Trick–or–Treating Safety Tips
Halloween is by far the most fun filled night of the year for children and yes, for adults too, let’s face it, what can be better than dressing up, staying up late and eating a ton of yummy treats?
But, there is a scary side to Halloween that tops any ghost, goblin, ghouls, or things that go bump in the night, we are of course referring to accidents. Sadly, we at Altus Emergency Centers know all too well how devastating these can be. This year, we would like to ensure that all enjoy the fun of Halloween without the dangers by practicing good trick-or-treating safety tips.
Horrifying Halloween Facts
Kids are twice as likely to be hit by a motor vehicle and sustain serious injury or even death on Halloween night than any other night of the year.
Kids with severe food allergies are especially vulnerable during a trick-or-treat run. As much as they can’t wait to enjoy a bite of delicious candy, please remember that food safety is an important part of trick-or-treating safety.
Elaborate costumes especially those that include long or loose-fitting clothing, masks, or props such as swords, can impair vision and make it difficult for a child to move, increasing their risk of falling and injuring themselves.
Carving a pumpkin is a dangerous affair, especially for small kids, deep cuts that require stitching are common this time of year.
Severe burns from a candle lit Jack O’ Lanterns are all too common.
Halloween Safety Tips
Trick-or-Treating Safety Tips
As frightening as these facts are, you need not worry, the heroic staff of Altus Emergency Centers is here to help you avert the terrors of the night, follow our trick-or-treating safety tips, and enjoy a fun night with your family.
Our first trick-or-treating safety tip is important at all times, not only on Halloween. Never let kids under 12-years of age go trick-or-treating alone if you cannot accompany them, make sure a trusted adult is with them.
If you have older kids that will be going out on their own, make sure they are traveling in a group, and follow their route with the use of the GPS tracking system on their phones. Agree on a specific time they should return home.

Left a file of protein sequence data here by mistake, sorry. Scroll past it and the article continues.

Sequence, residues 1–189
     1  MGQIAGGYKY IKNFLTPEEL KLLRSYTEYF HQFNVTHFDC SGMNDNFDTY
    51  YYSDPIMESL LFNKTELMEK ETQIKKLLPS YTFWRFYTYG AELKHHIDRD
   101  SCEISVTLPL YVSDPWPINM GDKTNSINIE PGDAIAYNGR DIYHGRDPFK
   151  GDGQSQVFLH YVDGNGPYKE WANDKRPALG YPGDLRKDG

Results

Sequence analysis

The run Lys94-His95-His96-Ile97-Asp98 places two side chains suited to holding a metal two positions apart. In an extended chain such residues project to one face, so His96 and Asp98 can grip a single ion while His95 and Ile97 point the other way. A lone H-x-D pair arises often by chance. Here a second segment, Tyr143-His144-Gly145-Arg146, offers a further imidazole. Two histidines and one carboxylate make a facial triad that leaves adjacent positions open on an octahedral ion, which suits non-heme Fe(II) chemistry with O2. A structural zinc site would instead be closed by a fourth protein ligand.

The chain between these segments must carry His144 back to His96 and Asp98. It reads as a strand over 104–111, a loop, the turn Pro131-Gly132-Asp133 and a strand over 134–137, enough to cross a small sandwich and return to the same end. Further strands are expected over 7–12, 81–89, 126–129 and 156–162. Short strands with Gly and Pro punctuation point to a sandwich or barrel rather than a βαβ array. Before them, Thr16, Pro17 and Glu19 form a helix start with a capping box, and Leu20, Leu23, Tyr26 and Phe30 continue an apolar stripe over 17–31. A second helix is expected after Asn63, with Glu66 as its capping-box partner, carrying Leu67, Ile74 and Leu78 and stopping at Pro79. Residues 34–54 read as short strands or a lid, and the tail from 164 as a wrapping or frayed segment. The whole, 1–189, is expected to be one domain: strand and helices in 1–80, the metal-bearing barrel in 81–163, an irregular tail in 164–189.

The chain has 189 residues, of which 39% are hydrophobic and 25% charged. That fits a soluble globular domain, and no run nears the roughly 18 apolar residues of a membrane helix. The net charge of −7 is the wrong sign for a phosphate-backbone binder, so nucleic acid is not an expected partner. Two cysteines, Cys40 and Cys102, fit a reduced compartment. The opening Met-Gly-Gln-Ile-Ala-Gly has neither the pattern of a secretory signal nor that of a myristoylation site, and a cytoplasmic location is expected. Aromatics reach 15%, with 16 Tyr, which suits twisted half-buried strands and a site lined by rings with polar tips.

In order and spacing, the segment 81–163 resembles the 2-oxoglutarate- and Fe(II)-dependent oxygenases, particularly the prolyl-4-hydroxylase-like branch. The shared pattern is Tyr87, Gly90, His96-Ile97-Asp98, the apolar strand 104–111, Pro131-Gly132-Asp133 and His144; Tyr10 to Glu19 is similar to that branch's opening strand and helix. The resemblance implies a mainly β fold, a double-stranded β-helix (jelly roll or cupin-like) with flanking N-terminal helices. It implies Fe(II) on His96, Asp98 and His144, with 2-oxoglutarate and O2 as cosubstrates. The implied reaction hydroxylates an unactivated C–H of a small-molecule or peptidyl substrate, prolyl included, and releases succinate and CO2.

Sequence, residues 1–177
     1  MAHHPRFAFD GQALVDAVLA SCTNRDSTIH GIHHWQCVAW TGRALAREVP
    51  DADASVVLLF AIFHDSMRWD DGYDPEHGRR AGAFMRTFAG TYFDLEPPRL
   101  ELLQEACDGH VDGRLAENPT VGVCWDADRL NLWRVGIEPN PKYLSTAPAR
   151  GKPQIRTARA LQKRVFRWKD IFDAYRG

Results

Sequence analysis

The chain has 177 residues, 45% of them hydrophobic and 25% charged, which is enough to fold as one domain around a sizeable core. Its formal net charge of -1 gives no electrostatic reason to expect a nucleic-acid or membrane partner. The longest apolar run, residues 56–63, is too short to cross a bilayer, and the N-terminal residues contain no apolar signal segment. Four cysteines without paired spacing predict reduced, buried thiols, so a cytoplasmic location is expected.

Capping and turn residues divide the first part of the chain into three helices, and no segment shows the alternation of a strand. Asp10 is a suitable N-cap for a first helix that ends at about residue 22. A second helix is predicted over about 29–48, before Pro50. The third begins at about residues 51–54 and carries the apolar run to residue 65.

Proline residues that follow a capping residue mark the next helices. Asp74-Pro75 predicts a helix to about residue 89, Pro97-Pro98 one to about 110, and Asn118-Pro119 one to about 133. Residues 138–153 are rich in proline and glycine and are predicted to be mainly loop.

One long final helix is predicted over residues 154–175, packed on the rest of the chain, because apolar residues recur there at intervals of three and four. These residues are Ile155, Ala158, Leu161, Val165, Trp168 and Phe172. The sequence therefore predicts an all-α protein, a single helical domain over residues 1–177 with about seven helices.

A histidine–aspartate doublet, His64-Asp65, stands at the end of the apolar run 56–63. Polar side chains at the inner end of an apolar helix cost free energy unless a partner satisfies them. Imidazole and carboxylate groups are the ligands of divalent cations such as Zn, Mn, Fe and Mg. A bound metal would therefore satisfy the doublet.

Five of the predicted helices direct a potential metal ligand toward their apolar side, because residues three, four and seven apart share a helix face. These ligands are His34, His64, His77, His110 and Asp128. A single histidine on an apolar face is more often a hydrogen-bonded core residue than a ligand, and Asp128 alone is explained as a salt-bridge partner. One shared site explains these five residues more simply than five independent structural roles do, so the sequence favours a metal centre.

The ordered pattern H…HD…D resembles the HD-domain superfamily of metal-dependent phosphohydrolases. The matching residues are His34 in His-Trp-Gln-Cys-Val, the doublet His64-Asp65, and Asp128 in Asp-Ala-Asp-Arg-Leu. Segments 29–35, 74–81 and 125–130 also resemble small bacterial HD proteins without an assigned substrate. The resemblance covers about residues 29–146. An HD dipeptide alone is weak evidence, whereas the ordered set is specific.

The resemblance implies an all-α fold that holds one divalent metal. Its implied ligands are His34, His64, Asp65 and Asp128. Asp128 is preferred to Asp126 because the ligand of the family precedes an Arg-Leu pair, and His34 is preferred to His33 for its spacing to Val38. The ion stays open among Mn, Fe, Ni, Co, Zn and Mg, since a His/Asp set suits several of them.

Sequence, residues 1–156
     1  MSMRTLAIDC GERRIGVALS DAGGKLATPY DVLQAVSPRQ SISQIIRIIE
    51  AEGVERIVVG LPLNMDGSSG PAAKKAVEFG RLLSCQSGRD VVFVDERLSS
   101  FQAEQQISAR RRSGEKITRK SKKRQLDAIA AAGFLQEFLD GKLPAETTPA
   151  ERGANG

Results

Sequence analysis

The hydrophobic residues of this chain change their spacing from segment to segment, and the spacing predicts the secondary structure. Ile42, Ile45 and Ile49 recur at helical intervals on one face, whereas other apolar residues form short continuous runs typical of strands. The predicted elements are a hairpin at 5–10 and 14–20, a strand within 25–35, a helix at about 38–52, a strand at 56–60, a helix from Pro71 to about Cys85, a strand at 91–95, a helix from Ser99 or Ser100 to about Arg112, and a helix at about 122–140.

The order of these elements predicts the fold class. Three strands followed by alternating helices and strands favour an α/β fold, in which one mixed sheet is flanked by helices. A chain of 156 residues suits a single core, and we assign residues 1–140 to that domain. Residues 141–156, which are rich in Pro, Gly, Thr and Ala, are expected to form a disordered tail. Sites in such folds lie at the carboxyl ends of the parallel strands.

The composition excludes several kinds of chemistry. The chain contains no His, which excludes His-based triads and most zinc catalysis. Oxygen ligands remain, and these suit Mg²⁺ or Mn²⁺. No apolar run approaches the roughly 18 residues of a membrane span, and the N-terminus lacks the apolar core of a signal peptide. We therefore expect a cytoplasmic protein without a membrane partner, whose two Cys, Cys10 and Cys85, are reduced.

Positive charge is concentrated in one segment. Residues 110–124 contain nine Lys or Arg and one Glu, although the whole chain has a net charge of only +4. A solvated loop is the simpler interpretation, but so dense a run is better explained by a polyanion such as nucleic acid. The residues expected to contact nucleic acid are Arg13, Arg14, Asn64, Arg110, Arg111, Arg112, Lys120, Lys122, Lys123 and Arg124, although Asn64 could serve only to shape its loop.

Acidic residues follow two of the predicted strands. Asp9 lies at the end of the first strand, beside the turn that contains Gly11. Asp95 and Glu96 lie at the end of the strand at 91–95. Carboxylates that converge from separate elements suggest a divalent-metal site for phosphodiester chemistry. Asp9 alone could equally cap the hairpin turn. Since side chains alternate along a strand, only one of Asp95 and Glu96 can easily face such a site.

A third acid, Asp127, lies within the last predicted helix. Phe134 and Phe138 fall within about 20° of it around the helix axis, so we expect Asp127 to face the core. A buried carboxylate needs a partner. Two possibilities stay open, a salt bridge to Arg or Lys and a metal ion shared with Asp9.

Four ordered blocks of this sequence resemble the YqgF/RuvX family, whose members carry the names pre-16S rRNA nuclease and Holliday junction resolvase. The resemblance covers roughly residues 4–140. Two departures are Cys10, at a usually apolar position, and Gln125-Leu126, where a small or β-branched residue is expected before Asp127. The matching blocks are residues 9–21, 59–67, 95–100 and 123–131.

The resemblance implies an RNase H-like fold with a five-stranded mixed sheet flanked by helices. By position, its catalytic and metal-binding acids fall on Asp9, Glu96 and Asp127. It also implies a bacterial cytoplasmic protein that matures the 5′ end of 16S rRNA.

Plan your route in advance, if possible avoid heavy traffic areas. Stick to a route you and your kids are familiar with.
Choose costumes that are bright or attach some reflective tape to the costume and trick-or-treat bags to increase visibility and help motorists spot your kids from a distance.
Make sure shoes are comfy and well fitted, trick-or-treating could take you several blocks away from home, comfy shoes are necessary to prevent blisters.
Masks can block or limit eyesight, making it difficult for your child to navigate and increasing their risk of injury, to avoid this consider using non-toxic makeup and well-fitted hats instead.
Makeup should be tested ahead of time on a small patch of skin to ensure there are no allergic reactions, if your child suffers one, take him/her immediately to the nearest Altus ER Center for treatment.
Remove all makeup before your kids go to bed to prevent skin and eye irritation.
When out shopping for costumes, wigs, and other accessories, make sure the label clearly states they are flame resistant.
The next trick-or-treating safety tip begins with costume selection to avoid potential injuries associated with falling. Ensure your child’s costume is the appropriate length, long costumes increase the chances of your child tripping and hurting themselves.
If possible avoid costumes with weapons, but, if your child won’t have it any other way, make sure swords, knives, guns, etc. are short, soft, and flexible.
Never use over-the-counter decorative contact lenses, as these can cause pain, inflammation, infections, and other serious eye disorders which may lead to permanent vision loss. All contact lenses should be prescribed by an eye care professional.
Teach your kids how to call 911 or any other emergency number if they get lost or feel they may be in any sort of danger.
Instruct your kids to never get into a stranger’s car.
Tell your kids not to eat any treats until they return home, especially if they have food allergies. Inspect all treats before allowing your children to consume them.
Limit the number of sweets your kids can eat at once, hide the candy and allow them to consume it a little at a time over the next few days or weeks.
Never let small children carve a pumpkin, instead have them draw a scary face on it with a marker.
Choose to light up your Jack O’ Lantern with a flashlight, battery operated led light, or glow stick instead of a candle.